John Gibson: Okay. I appreciate that. Second, the revenue per day number in IWS is higher than what I was expecting, I guess, first, is this sustainable? And second, we compare extrapolate it to day rates on the drilling side, I know it's probably not perfect apples-to-apples. So would this imply the addressable market is likely larger on the pumping side?

Jon Faber: I think if you look at addressable market, it's likely larger on the completion side. There's a lot of work to go get that, right? So I don't want to suggest that you can say without a lot of effort in some time. It's going to achieve realization of revenue from that. But I think the market opportunity, as you're saying, John, is probably as significant or larger. To your question around a sustainable, yes, it's sustainable if this is all that we did. Now as we roll out with new customers and as we get into deploying some more of these technologies much more on the data aggregation and data delivery side, I think what you'll start to see is a little bit more variability in that metric than you see in revenue per industry day on the drilling side based on customer mix and product mix through the revenue opportunities you have. So as you work with some new customers, they may take a subset of the equipment and then they start to use more of the technologies over time. So it's sustainable if we just kept working with the same customers in the same way, but we're going to be, of course, rolling out new technologies. We're going to be looking to work with new customers and that will introduce a level of variability.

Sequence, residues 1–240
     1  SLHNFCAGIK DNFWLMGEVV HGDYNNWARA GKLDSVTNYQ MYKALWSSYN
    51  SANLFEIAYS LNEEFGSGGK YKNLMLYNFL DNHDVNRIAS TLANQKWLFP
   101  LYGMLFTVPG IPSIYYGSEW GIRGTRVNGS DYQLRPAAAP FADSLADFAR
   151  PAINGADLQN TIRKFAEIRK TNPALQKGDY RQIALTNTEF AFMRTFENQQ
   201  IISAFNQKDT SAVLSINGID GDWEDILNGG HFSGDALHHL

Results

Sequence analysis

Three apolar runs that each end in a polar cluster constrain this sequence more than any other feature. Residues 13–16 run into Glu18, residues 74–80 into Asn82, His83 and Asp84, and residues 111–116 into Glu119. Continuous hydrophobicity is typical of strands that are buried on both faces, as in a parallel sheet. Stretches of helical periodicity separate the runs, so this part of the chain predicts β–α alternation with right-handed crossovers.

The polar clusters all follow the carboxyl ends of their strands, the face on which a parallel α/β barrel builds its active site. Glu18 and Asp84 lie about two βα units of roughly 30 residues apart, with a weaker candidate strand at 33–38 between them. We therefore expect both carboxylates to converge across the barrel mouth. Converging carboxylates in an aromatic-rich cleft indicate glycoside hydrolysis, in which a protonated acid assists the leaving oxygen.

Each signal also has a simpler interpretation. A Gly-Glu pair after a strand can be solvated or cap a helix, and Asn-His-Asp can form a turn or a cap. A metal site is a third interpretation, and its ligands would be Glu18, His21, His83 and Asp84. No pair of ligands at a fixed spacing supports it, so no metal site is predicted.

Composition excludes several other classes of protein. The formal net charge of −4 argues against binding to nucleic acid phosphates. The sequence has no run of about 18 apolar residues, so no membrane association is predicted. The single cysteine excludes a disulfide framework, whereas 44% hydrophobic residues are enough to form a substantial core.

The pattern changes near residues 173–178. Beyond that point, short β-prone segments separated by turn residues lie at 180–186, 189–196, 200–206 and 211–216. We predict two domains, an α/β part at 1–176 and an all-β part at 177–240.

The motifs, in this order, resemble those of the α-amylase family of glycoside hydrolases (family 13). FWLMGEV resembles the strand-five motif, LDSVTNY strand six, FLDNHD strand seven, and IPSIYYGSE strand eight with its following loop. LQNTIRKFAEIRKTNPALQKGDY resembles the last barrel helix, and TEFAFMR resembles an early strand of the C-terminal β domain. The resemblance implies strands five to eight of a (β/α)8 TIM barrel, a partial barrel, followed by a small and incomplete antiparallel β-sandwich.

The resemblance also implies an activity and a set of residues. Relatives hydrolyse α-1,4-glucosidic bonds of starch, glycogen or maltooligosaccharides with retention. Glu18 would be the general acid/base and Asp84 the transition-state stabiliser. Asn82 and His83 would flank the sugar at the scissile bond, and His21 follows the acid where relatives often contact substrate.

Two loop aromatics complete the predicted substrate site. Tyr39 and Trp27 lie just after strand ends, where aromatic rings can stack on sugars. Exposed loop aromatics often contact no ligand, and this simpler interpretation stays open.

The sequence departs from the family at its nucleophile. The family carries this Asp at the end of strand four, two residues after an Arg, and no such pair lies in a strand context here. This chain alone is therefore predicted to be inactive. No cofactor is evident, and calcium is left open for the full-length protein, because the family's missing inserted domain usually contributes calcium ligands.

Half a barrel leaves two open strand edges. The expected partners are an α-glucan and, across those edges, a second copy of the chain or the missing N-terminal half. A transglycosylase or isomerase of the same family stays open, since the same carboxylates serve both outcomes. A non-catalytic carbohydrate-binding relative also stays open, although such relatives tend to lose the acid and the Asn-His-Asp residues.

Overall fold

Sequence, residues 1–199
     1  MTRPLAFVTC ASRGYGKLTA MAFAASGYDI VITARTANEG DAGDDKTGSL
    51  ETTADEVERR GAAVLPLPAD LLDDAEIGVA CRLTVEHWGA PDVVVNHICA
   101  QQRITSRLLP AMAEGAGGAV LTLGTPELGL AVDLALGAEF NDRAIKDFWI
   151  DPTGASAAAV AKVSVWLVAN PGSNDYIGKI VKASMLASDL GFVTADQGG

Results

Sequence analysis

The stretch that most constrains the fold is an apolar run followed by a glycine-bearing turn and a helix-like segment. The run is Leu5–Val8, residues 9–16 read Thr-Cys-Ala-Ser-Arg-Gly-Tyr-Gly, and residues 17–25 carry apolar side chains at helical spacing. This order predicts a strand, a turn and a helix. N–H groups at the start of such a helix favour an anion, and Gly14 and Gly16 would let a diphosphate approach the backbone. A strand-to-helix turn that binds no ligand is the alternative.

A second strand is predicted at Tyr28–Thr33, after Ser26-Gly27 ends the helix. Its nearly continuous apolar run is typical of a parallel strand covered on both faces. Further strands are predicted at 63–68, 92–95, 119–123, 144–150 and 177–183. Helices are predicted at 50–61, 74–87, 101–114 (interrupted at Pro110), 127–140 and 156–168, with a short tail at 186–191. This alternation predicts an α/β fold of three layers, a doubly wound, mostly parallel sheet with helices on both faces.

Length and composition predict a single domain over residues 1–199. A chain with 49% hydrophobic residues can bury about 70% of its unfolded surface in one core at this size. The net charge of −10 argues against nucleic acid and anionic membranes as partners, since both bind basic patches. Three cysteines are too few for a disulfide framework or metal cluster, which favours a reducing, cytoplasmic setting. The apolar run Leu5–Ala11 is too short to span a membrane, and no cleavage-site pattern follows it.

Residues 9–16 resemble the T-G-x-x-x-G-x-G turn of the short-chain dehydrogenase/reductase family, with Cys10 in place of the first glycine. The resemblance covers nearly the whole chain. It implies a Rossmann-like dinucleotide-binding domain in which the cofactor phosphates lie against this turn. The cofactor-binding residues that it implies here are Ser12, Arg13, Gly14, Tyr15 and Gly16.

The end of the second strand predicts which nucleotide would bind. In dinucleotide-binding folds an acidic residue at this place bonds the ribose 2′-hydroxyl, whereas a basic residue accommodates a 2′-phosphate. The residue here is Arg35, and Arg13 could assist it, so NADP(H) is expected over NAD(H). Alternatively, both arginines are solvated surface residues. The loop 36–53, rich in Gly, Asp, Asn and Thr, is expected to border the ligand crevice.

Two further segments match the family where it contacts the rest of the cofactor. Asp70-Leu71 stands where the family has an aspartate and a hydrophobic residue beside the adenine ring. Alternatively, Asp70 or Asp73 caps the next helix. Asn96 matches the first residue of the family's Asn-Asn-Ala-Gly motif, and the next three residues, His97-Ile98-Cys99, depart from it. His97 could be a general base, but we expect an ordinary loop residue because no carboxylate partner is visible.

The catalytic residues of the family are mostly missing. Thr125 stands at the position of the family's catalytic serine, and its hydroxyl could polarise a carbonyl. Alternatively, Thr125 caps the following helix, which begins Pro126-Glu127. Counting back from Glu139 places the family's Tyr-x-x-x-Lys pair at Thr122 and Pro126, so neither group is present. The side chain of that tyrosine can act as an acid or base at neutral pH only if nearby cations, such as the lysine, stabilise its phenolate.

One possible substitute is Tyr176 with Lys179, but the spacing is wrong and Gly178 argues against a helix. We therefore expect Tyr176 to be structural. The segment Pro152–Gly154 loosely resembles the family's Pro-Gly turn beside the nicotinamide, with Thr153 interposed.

John Gibson: Okay. Great. I really appreciate this one. I'll turn it back.

Jon Faber: Thanks, John.

Operator: Your next question comes from Cole Pereira with Stifel. Your line is now open.

Cole Pereira: Hi. Good morning, all. So acknowledging we're just through the first quarter here, but pretty solid results out of IWS thus far. You'd previously guided to $20 million to $25 million of revenue growth in 2024. Are you still comfortable with that? Could you see that maybe getting revised higher and how should we think about growth in that business beyond 2024?

Jon Faber: Yes. So I would say the short answer is we're still comfortable with that sort of projection. I would say that it's always subject to the industry conditions. And as I just said to John, they're probably a little bit more exposed to some of the dynamics around natural gas price and some of the M&A activity we've seen. And so what that will ultimately mean will be a question of the timing, probably more so than the deliverability of those revenue growth opportunities. There's always a risk of upside revision to those numbers when we look at the types of customers that we're working with and their ambitions to deploy technology across a broader number of suites or fleets rather. And so I think today my best estimate or my best guidance is in that same sort of range that you've kind of referenced and it's always a little bit hard to know exactly the timing and exactly when some inflation around some customers' activity will start to deliver. Going through 2025, we continue to see very much that same trajectory. Obviously, some of our comments around drilling activity picking up through later 2024 and into 2025. Some of that is based on an improvement, on the natural gas side, to my earlier comment about some natural gas folks slowing down, repicking up. I think that would probably accelerate the growth of the IWS business a little bit more than what you would see in 2024, if that's how the activity played out.